This year brought a slew of international brands to the Indian design market—most notably Ikea—signifying a marked interest in the region for contemporary styles. Now, it seems like the high-end art and design market is following suit. On November 29, Sotheby’s, which opened an office in Mumbai in 2015, hosted its first-ever auction at Mumbai’s luxury Taj Mahal Palace hotel—a calculated move, especially after its competitor, Christie’s, ended four years of December auctions in Mumbai in 2017. Though Christie’s justified its stopping auctions as part of a series of global changes, many saw the move as a response to low sales in India compared with auctions in other regions. So what makes Sotheby’s different?
A major factor in the Sotheby’s strategy in India was the hiring of managing director Gaurav Bhatia in October 2017. Previously the marketing director at LVMH India, Bhatia understood that for the Indian market, exclusivity and decidedly South Asian art was key—a blueprint he used in curating the artwork for the auction, titled Boundless: India. In a recent interview with Architectural Digest India, Bhatia revealed that Indians have spent more than $248 million on South Asian art during the last five years alone. It follows, then, that Sotheby’s would be invested in capitalizing on the opportunity. (The auction house’s execution of this strategy may be complicated by Bhatia’s leave of absence since late November following a series of allegations of sexual harassment.)
According to Jan Prasens, Sotheby’s managing director for Europe, the Middle East, Russia and India, the decision to launch in India stemmed primarily from a noticeable increase of Indian collectors at international sales, as well as the emergence of a thriving domestic art market. “Given these promising signs and the projected economic growth for India in the future, it is the right time for Sotheby’s to bring our auctions directly to the doorstep of the many Indian collectors,” Prasens tells Business of Home.
The shining star of last month’s auction was a never-before-seen painting by Tyeb Mehta, a prominent Indian artist known for his abstract mythological figures set across backdrops of diagonal color. The painting, called Durga Mahisasura Mardini, was commissioned from the artist in 1993 and has been part of a private collection ever since. It was the perfect headliner because it checked both the boxes—exclusivity and modernity—that have heralded success in Indian auctions, and the results delivered: The painting sold for more than $2.8 million. Other notable works included Amrita Sher-Gil’s The Little Girl in Blue (only the seventh oil painting by the artist to be sold worldwide), which fetched $2.7 million; and an untitled 1950s bronze sculpture by Sadanand Bakre (a pioneer of modern art in India and one of the founders of the Bombay Progressive Artists' Group), which sold for a record-breaking $268,000.
“The results are a vote of confidence for the South Asian art market, with significant new records and benchmarks achieved across many different artists and genres,” Yamini Mehta, Sotheby’s international head of Indian and South Asian Art, tells BOH. “Our offering included some of the most significant works to come to the market by Tyeb Mehta and Amrita Sher-Gil, two of the most beloved Indian artists of the 20th century. The sale has enabled us to connect with scores of new and existing clients, and at the same time really deepen our understanding of the market here.”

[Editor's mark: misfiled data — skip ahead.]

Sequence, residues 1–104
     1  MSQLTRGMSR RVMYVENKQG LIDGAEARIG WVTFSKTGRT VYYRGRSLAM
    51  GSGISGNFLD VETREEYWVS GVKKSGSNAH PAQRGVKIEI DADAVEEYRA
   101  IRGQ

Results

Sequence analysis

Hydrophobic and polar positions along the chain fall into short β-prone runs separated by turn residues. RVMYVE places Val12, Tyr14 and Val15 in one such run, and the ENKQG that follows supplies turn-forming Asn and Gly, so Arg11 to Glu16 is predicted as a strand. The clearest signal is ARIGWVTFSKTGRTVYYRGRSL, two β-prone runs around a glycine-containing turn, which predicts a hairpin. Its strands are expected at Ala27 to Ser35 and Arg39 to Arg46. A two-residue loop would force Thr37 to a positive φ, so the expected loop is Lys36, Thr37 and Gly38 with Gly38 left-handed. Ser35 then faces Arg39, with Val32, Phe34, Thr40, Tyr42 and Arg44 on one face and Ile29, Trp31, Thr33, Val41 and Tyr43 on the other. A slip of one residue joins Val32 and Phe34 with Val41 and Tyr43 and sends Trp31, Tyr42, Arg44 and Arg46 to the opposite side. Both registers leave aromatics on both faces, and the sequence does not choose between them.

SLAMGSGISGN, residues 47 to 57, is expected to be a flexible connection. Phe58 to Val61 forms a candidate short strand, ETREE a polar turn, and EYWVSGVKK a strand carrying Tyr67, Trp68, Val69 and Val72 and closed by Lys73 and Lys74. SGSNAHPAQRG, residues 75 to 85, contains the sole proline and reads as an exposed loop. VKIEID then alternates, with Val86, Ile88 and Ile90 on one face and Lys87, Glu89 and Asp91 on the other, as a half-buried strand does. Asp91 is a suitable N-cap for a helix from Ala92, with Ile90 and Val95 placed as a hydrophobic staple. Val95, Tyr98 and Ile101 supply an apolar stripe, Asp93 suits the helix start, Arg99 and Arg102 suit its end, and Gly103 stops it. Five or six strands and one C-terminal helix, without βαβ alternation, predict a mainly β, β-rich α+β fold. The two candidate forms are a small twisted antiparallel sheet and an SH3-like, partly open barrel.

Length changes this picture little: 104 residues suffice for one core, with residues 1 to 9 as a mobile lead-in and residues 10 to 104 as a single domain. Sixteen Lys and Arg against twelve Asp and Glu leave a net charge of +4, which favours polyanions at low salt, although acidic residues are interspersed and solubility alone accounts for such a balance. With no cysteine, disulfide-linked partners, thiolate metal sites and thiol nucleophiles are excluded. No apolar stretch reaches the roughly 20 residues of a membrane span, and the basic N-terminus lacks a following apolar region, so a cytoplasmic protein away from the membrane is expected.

It’s interesting to note that even though Sotheby’s is an international brand, most of the works up for auction were from modern India. “I think, as Indians, we’re mostly interested in ourselves when it comes to art,” says Gayatri Rangachari Shah, a journalist and author focusing on Indian culture who attended the auction. “But I think the Sotheby’s interest was inevitable. India is reaching a level of being a global market that most international companies are interested in, but Indians are also interested in the modern masters of the art world. If you’re selling to an Indian audience, the fact that those pieces weren’t in the public space was exciting.”
Contemporary styles seem to be the name of the game in the Indian art realm. Gallery openings like The Cube in Goa and the reopening of Jhaveri Contemporary in Mumbai, as well as the success of the Kochi-Muziris Biennale in Kerala, are focusing primarily on Indian contemporary art—albeit without the exclusivity that Sotheby’s touts. “One of the major trends that is hitting the space is the exploration of different mediums,” says Shah. “People—younger collectors, specifically—are more open to things like video, multimedia, drawings and video.”
For now, the Sotheby’s investment in India seems to be a promising counterweight to the divestment in the region by Christie’s. It remains to be seen whether modern Indian art will persist as the prevailing trend—or whether government policies will allow the market to expand into international territory. India’s art scene lacks international representation, a fact that Tasneem Zakaria Mehta, managing trustee of Mumbai’s Dr. Bhau Daji Lad Museum, attributes primarily to taxes rather than disinterest.
Although international retailers have come to India in droves due to a loosening of governmental regulations that make it easier to set up shop, the same has not been true of the art market: “Even collectors who collect internationally don’t bring the art to India; because they get charged so much tax, it costs double what they paid for it!” says Mehta. “In fact, when we’ve managed to get international-quality artists to India through their embassies, people have reacted really well. [But] I don’t think India can be seen as a key player in the international art market if we don’t bring in [more] international art for public consumption.”